Marx Notes Lecture
√ Animal Farm is an allegory (story where characters and plot represent something else)
*Ex. Wizard of Oz (1939) is an allegory of 1930's Depression-era American
*Animal Farm (AF) is an allegory which satirizes (pokes fun at) Soviet (Russian) communism
-Communism = no private property/state owns everything
-Capitalism = free enterprise/private ownership of land, business, etc.
√ Q: Considering that lalaland33 is NOT a Marxist, the why are all these notes on Marx?
* #1 – wrestling with even simplified philosophy stretches the mind
* #2 – to give me a preview of how college professors will try and shock me with their anti-parent, anti-bourgeoisie (m.c. = middle class) and trendy theories (that is if you aren't in college yet)
* #3 – social action (both good and bad) is first born in the mind of someone with a controversial idea (controversial = idea that people don't agree with or is weird)
AF is about that very thing – Old Major's ideas getting applied is what this novel is about.
√ Karl Marx (1818-1883) is perhaps the most famous liberal of the last 200 years
* Liberal vs. Conservative – which am I?
* Liberal (also called a "leftist") = individual rights and liberties are the most important things. (Pro-choice and pro-minority)
-Big government which means heavy spending to help out the poor and the disadvantage
*Conservatives (also called "right-wingers") = individual rights, yes, but society's protection and progress are perhaps just as vital (pro-life and tough on crime)
-small government means business thrives when there are few regulations
-promotes family values
*George Orwell is liberal even though AF is a satire of communism
-Many liberals seem to have communist sympathies
-lalaland33 believes that Orwell's complex understanding of socialism (a modified form of communism) gives this novel this power
√ AF's allegorical character match-ups
*Old Major – Karl Marx
*Snowbell – Leon Trotsky
*Mr. Jones – The Russian Czar
*Mr. Frederick – Germany
*Moses – Russian Orthodox Church
*Napoleon's dogs – NKUD (later known as KGB) secret police
√ This AF story represents the 1917 Russian Revolution (a.k.a. The Bolshevik [which means "majority" in Russian] Revolution)
*The American War of Independence (1776) was not a real Revolution because a revolution completely overturns society, but all we did was adapt the British system, became out own nation, and get rid of titles like: King and Lord
-The French and Russian Revolutions were, on the other hand, were real revolutions
√ Tie-ins to the novel (AF) and some other stuff
*Leon Trotsky (Snowball) wanted to create international worker rebellions (just like Snowbell wanted to spread animalism to other farms) but Stalin (Napoleon) wanted to consolidate his own personal power inside this newly formed Soviet Union of the 1920s and '30s
-Trotsky was exiled from the Soviet Union (just like Snowball) and (unlike Snowball) murdered by one of Stalin's secret agents with an ice pick in the back of the head in Mexico City in 1940
*Vladimir Lenin was actually the key figure of the Russian Revolution but Orwell left him out of AF
-Some online study guides say that Snowball = Lenin but that is incorrect
-Lenin adapted Marx because Lenin believed that massive worker revolt would not happen by its self: Revolution takes a core group of radicals to ignite it into being
l 1,500 radical Bolsheviks completely and forever altered the path of a nation of 100s and millions (big reason #3)
√ The rest of "The Marx Notes Lecture" will more of less be a dissection of Old Major's thinking (Marx and his influences)
*Marx said "Philosophers have sought to interpret the world in various ways; the point, however, is to change it."
-That's what he did: he changed the world, but he was dead before the change happened
-This concept of massive social action and change, he called it "praxis"
*A German immigrant to London, Marx wrote most of his works there and his family nearly starved to death (some of his kids died), yet he refused to work for capitalism)
-His writing partner, Frederic Engles, owned a family factory and sometimes gave the "non-working" Marx money for food and rent.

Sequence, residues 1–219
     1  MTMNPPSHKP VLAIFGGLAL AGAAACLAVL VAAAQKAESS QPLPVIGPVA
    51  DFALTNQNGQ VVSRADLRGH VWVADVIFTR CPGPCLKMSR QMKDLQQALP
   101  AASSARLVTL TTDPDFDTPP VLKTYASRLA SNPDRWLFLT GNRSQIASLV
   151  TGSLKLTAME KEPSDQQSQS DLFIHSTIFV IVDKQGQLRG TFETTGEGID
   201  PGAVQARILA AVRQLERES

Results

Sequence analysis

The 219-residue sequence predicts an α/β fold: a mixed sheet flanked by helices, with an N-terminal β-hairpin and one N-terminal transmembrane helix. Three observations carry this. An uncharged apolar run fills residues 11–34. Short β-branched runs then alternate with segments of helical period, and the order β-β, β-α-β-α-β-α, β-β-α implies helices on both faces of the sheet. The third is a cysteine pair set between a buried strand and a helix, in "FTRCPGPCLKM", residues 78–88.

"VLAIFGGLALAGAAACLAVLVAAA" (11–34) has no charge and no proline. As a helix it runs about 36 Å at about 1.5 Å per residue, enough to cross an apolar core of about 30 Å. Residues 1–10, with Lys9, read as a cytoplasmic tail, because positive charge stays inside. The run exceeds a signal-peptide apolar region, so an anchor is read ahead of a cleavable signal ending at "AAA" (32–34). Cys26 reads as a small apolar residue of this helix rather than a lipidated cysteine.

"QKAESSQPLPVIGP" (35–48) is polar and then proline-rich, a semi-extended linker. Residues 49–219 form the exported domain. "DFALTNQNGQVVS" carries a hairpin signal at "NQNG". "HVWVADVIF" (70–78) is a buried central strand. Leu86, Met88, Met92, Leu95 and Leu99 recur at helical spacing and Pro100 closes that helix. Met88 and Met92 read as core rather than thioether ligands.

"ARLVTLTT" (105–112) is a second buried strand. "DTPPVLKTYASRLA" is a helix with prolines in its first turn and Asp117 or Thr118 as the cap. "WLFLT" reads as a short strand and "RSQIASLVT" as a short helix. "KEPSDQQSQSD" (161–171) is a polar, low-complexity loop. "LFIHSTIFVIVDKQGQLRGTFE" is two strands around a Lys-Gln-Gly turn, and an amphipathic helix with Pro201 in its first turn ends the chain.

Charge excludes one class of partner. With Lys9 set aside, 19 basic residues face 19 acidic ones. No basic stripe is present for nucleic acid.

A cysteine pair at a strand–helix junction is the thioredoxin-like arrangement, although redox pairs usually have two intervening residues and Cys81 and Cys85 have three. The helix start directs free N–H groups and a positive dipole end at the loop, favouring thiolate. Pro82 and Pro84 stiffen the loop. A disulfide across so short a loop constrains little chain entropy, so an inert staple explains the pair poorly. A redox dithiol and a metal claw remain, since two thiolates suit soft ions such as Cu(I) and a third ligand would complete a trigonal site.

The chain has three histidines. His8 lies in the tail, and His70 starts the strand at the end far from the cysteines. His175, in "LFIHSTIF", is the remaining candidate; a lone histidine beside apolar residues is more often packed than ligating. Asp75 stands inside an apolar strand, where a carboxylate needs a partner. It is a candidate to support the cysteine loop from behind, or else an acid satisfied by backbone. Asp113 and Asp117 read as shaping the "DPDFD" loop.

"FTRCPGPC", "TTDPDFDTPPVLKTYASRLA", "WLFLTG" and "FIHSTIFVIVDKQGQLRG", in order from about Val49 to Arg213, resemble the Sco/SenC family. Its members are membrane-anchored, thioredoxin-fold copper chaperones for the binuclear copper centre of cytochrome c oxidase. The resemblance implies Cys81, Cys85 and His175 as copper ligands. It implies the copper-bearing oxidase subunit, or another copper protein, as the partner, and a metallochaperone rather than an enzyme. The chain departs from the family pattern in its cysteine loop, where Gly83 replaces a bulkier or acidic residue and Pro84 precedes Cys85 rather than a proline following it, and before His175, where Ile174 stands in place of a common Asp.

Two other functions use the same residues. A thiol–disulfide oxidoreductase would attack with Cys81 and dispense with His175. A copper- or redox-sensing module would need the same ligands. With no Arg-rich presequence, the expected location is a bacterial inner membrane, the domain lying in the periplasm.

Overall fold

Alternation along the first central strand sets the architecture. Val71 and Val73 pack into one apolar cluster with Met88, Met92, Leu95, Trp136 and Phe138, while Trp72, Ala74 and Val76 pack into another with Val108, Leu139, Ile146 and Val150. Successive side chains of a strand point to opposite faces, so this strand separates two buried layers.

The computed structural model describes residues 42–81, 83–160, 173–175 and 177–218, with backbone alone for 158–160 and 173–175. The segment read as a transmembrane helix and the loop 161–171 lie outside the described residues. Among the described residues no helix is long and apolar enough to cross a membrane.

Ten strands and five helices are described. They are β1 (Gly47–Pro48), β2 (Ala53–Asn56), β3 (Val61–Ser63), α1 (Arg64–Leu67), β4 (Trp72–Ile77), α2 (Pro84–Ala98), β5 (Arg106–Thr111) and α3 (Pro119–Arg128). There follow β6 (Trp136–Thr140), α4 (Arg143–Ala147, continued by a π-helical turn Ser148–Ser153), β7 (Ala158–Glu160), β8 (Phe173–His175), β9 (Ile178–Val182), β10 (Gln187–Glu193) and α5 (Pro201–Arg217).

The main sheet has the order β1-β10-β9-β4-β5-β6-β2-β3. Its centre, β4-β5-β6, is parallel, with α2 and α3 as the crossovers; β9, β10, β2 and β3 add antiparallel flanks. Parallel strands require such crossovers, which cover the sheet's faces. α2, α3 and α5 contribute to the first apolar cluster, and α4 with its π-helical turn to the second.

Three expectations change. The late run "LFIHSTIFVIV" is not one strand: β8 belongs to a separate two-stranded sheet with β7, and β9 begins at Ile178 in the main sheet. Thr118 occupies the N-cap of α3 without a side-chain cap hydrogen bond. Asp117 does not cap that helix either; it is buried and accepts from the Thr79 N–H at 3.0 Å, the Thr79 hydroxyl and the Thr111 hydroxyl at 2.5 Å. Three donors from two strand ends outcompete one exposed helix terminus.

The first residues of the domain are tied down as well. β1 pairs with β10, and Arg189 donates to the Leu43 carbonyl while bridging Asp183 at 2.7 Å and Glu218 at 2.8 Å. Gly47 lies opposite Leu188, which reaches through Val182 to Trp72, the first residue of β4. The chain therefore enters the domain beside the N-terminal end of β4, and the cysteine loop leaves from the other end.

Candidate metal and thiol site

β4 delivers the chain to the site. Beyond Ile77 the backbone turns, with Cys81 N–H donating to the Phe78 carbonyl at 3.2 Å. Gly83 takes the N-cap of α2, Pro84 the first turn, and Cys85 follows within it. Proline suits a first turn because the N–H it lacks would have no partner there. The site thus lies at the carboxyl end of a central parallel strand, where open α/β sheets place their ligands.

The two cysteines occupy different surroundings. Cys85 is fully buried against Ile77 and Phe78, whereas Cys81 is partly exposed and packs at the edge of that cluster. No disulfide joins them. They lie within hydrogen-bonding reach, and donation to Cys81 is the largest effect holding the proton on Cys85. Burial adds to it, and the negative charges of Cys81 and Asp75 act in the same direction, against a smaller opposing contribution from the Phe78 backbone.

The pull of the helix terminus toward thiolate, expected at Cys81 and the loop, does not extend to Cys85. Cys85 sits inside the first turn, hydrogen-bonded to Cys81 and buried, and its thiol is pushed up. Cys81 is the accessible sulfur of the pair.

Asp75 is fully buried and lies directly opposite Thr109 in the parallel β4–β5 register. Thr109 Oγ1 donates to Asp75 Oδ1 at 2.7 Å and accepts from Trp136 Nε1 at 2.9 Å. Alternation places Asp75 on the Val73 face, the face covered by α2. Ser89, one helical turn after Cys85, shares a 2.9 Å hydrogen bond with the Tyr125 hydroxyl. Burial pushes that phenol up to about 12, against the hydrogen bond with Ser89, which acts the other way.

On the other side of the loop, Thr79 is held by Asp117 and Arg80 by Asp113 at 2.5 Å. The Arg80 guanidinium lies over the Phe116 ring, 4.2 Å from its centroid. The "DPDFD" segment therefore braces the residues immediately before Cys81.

*Q: What's Marx's problem with Capitalism?
-A = His problem centered around the idea of "surplus value"
-The following, or so, will explain what "surplus value" is
-One woman in 1812 could spin as much thread as 200 women in 1770, because of the advancements of the Industrial Revolution (IR: 1750-1850)
-The IR turned the International Trade upside down because the world now moved from the trade of upperclass luxury goods (silk, spices) to the middle class trade of subsistence goods (basic clothing, iron for railroads , stoves, steel)
-Q: Metropark owner vs. Walmart owner – who's wealthier?
-Therefore, this development made the middle class very wealthy, but also, widened the gap between middle and working classes.
-Marx's problem is that the factory owner (middle class or Bourgeoisie) gets to re-assign the other 199 workers, so to speak, but keeps all the profits to himself because the workers all keep the same wage.
-The extra cash the factory owner makes is the suplus value (profit)
-AF pg 8m = "You cows that I see … Jones and his men" Is an example allegorically of how working class do more and yet continue to suffer because they don't own the factory and thus don't make profit
*Thus, Marx believed that communism was the answer to the workers plight
-Communism = the factory is owned by the workers as a whole (no private ownership)
-It's just like the pigs had to take away the farm from Mr. Jones so all animals could work and own the farm together.
*While Marx's idea of seizing private property and making it worker owned may seem crazy today, remember that he lived through the worst phase of capitalism, where the workers got beaten up by strike-brakers, had no rights, starved, and even died of disease
-In fact, the power of unions today owes much to Marx's writing because we have federal laws that protect the working classes
*Marx believed that the only solution to breaking the control of the Bourgeoisie (working-class) was massive Revolution.
*Q: What's so extreme about Marx's solution?
-A = He's advocating violent take-over of upper-class and middle-class property and making it government property
√ Q: Does a Marxist have to be atheist?
*Marxism/Communism = animalism
*An atheist = someone who believes there is no God or supernatural anything (a radical belief)
-Zealot = a person with a belief so strong that it costs him or her something (but still, many atheists could be zealots but many zealots are not atheists)
*AF p18: "The pigs had to argue very hard to persuade them that there was no such place."
-The pigs quickly grasped what is vital to the Revolution
*Q: If I were a slave owner in the Old South (pre-civil war Confederacy) and I didn't care about my slaves' spiritual welfare, should I convert them to Christianity or not?
-A = Yes, convert the slaves because if the slaves believe in a reward in the afterlife (Sugar Candy Mountain/Heaven), then they will not rebel and try to create a better life for themselves now